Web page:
The short film is a digital collage made with an iPhone camera, using an 8mm film application, and has a vintage feel, being black and white, dust scattered through out and a jumpy, frame skipping look. This artificial aged feel is purposeful, used to instill a sense of nostalgia in the work, a timelessness, and something coming from long ago, giving the work the appearance of traveling through time, yet actually being a false indicator, made as is was with a modern device. The 3 minute film begins with a blank shot, a rhythmic beating of shadows against a white background, really bringing again, the artificial aging, and digital creation, with its ‘dust’ and ‘projector’ noise to the viewers attention. The image is what one might see upon waking in the room, opening the eyes, beginning the day, the bare ceiling filling the entire frame, with only a bit of the wall grounding the imagery like a landscape. The next scene is a quiet shot of a stark and empty table and chair, cast with a dramatic black shadow, cutting the round table not quite in half. This could feel like a lonely time, but my intention was one more of reflection, and meditation (thus the name, Meditation 2012, part of the Moving Pictures series). The round lines in the chair and table contrast with the sharp straight line created by the shadow on the table. There is an interrupting triangle of another shadow, just breaking the edge of the frame, with other straight shapes distracting the viewer. The stillness and length of the shot, the slight, slow movement in a circle, all are commentaries on the quietness of the moment, perhaps a morning ritual, or a time ‘at the table’, a place for sustenance. The last shot of this scene is one from a distance, and we see the doorway, and the intersection lines forming a cross in the reflections on the French door. The doorknob a round point in the frame, moving slowly in and out to draw the viewer’s attentions, foreshadowing what’s to come.
Midway through the film the scene cuts to a shot looking out the window, now the dominant shape is the square, the strong white lines creating multiple crosses, the ‘outside’ is introduced, as the view looks out the window. There is a very subtle, slow drawing in and out, almost peering out, but then drawing away, moving forward and back, like a breath; it is a preparation of sorts, a conscious change of thought from the previous scene at the table, one of the ‘self’, and now is shifting to thoughts of the ‘other’. This is continued in the next scene shift, taking the viewer on a slow progressive journey from inside the home, out into the community. However, there is a reluctance, a hesitancy, even as the pace of the film begins to pick up. The scene is that of a closed door, with its fairly uninviting feel, shot from the distance as it is, and the noise taking on a low volume roar of space. The stagnation is broken in the last 30 seconds of the film by a dramatically different scene with movement, as the viewer is ‘walked’ out of the courtyard. We see again the windows, but from the outside now, and only in passing glances. The strong white lines of the columns as they pass by are symbolic of the daily duties, and responsibilities of daily life, the scene ending with a pan to the sky, a symbolic ‘going out into the world', and finally the film culminates in a final still view of the portico of a church, linear columns holding up gently curved archways, and a reverent statue of St. Francis barely discernible in the shadows, signifying an arrival, a finding of ones place, a relaxing celebration with the first obvious sounds heard, those of birds, and with it, a peaceful feeling of freedom finally arriving, as the film washes out.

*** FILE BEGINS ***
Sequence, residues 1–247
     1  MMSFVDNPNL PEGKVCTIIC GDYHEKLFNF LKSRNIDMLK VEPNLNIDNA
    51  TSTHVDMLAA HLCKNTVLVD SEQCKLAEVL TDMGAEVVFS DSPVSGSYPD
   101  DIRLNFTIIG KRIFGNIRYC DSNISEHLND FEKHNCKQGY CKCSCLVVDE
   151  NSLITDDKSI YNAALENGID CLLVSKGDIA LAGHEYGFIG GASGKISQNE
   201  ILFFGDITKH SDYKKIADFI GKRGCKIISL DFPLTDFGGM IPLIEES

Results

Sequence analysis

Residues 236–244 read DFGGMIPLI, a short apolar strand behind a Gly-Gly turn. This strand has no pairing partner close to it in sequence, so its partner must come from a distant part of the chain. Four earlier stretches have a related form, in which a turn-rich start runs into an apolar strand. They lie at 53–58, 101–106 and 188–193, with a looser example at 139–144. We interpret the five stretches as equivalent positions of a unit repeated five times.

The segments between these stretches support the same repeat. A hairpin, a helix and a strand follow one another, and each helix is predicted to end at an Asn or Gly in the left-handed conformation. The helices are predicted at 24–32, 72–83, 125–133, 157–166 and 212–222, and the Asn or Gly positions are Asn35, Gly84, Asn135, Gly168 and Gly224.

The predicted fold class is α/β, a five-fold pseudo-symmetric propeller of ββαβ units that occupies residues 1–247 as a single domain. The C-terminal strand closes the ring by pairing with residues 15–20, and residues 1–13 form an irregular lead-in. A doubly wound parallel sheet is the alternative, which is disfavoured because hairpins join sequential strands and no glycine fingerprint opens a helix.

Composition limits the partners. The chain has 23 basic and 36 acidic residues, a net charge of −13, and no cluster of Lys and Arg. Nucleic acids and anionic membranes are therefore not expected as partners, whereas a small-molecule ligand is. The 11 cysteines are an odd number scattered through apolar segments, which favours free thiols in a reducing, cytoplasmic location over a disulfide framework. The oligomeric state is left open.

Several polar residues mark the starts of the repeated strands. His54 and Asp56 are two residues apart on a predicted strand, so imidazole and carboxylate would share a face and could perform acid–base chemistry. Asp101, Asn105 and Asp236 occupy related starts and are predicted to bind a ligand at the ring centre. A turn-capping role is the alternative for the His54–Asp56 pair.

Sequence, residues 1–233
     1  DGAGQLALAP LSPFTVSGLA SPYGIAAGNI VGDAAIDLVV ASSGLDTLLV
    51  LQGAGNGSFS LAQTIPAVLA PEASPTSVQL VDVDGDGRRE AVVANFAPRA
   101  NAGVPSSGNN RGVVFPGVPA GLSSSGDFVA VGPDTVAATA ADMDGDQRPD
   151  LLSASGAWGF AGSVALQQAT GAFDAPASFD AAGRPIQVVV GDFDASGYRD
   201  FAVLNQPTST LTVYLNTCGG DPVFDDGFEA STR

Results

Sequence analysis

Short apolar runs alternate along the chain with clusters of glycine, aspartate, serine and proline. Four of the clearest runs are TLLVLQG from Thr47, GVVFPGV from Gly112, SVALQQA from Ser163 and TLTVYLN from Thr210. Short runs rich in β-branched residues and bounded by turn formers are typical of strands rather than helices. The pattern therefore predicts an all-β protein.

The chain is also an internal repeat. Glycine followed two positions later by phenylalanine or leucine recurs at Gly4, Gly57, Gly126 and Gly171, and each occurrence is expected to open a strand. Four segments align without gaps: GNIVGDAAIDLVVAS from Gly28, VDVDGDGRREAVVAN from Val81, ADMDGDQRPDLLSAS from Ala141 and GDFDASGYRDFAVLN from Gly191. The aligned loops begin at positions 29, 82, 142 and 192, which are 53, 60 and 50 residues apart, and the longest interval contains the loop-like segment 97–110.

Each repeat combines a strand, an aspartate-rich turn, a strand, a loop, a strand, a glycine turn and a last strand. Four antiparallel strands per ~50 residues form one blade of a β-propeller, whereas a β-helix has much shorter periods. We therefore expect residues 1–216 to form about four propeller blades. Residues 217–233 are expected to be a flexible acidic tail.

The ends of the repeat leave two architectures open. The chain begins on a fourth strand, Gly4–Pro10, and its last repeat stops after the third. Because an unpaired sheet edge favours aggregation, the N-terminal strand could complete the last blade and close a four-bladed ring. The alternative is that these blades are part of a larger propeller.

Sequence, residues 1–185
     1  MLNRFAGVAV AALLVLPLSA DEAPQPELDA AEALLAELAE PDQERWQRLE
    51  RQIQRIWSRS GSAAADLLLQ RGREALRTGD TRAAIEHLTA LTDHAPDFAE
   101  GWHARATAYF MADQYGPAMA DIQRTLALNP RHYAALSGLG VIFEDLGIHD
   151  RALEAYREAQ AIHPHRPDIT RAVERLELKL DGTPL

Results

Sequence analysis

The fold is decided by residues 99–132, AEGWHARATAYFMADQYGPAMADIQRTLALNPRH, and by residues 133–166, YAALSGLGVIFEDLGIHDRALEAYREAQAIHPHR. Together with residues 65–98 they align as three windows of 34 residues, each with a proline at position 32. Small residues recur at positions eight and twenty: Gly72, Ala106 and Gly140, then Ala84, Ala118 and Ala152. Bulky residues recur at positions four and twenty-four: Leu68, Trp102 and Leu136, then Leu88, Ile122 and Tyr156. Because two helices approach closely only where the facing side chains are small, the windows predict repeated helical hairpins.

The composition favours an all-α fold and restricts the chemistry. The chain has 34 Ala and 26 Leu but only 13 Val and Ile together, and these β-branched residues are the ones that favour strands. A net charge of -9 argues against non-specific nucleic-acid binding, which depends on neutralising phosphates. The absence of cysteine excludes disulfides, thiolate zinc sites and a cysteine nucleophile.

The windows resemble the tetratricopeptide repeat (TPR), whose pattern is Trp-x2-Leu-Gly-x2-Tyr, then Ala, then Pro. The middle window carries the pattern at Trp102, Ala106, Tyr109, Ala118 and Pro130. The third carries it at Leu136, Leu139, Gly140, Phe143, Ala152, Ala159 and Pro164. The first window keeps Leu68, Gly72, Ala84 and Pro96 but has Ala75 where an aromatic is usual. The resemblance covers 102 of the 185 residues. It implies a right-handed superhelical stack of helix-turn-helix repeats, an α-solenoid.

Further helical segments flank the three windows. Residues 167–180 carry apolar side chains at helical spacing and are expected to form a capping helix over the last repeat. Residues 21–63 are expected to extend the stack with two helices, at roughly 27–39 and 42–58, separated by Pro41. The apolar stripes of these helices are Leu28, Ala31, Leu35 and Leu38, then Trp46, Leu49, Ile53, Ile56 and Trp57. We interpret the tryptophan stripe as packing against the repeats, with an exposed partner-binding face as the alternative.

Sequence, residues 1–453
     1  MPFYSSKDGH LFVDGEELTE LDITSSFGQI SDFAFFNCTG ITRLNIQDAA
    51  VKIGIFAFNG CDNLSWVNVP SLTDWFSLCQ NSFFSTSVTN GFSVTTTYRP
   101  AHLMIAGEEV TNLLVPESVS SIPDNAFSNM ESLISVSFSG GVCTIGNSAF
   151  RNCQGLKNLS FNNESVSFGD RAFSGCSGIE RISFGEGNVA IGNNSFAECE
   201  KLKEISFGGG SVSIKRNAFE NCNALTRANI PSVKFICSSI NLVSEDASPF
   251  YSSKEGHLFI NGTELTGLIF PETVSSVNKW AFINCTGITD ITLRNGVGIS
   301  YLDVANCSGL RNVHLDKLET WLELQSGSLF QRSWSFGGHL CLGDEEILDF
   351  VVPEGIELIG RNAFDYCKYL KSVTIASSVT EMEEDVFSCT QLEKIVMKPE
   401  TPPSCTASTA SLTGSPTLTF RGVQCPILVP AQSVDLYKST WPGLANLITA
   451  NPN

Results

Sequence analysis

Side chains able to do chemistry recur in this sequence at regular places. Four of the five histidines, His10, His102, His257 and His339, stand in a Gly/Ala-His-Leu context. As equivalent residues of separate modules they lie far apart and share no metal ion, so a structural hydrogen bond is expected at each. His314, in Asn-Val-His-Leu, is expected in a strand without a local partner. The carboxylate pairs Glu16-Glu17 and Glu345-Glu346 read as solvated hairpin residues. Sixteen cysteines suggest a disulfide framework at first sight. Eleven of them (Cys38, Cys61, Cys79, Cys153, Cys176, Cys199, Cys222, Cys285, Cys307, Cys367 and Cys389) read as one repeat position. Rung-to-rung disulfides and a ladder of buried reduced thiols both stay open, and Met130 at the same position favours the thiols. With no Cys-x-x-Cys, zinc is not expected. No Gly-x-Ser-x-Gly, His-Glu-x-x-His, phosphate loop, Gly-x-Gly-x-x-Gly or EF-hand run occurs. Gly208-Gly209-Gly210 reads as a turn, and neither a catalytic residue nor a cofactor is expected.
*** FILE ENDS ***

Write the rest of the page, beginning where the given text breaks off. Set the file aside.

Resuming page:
The overtly religious symbols I use in the film are there to direct the viewer to spirituality, but it need not be necessarily Christian; it can be any sort of spiritualism. The work was opened on Good Friday, probably the holiest day in the Christian faith. I reference the Christian story of God’s giving of the Son with the repeated use of the iconic visual symbols, the cross, and communion cups, accentuating the sacrifices that were made for the sins of humankind, and the forgiveness that is given through God’s gesture. The ritualistic re-enactment through communion, is highlighted with the objects associated with that ritual, also offered as sustenance and refreshment, and an offering to the visitor. The white cloth on the floor is a symbolic of the parturition, and Mary's sacrifices she was required to make. I wanted to spotlight the sacrifices we all make, and as a symbolic gesture of my own, drew my own blood for the work. Another message in the work is also one of forgiveness, something everyone needs, even giving grace to ones self. We are all lost children, who suffer through our own sins and mistakes. We all sacrifice ourselves as adults for our own children, or others, spilling our own blood. These things I touch on through the purposeful use of the particular objects in the space. I also point out that this is not a holy space, though the obvious artificiality of some of the objects. The fake old style modern technology used to make the film, the candle not being a real candle and the columns not really there, all remind the viewer that it is a work of art and not a sacred place, as it can be anywhere. It is offered as an opportunity to be used as a spiritual space, but more importantly I want the viewer to take away enlightenment within themselves, about sacrifice, forgiveness, and finally acceptance and peace.
3 minute 7 second looped black and white video
Black and white cloths
Bread and wine offering
Silver necklace with baby shoe charm
The artist's blood